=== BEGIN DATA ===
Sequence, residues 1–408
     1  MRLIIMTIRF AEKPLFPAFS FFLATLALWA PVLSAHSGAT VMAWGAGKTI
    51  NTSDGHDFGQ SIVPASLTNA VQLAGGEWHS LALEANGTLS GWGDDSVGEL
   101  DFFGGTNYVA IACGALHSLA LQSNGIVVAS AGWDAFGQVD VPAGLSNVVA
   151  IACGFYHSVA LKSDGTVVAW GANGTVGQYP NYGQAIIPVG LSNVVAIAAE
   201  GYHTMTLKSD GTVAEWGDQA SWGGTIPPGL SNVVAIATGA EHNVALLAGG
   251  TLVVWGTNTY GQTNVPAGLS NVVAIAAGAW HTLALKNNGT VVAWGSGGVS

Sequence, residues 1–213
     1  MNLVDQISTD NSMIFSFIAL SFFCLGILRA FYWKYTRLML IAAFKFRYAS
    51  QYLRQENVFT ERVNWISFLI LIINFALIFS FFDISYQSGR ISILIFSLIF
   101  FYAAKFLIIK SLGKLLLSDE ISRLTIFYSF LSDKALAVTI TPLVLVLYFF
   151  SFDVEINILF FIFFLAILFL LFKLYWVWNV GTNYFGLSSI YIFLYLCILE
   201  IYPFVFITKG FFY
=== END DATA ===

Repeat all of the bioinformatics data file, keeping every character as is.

Sequence, residues 1–408
     1  MRLIIMTIRF AEKPLFPAFS FFLATLALWA PVLSAHSGAT VMAWGAGKTI
    51  NTSDGHDFGQ SIVPASLTNA VQLAGGEWHS LALEANGTLS GWGDDSVGEL
   101  DFFGGTNYVA IACGALHSLA LQSNGIVVAS AGWDAFGQVD VPAGLSNVVA
   151  IACGFYHSVA LKSDGTVVAW GANGTVGQYP NYGQAIIPVG LSNVVAIAAE
   201  GYHTMTLKSD GTVAEWGDQA SWGGTIPPGL SNVVAIATGA EHNVALLAGG
   251  TLVVWGTNTY GQTNVPAGLS NVVAIAAGAW HTLALKNNGT VVAWGSGGVS

Sequence, residues 1–213
     1  MNLVDQISTD NSMIFSFIAL SFFCLGILRA FYWKYTRLML IAAFKFRYAS
    51  QYLRQENVFT ERVNWISFLI LIINFALIFS FFDISYQSGR ISILIFSLIF
   101  FYAAKFLIIK SLGKLLLSDE ISRLTIFYSF LSDKALAVTI TPLVLVLYFF
   151  SFDVEINILF FIFFLAILFL LFKLYWVWNV GTNYFGLSSI YIFLYLCILE
   201  IYPFVFITKG FFY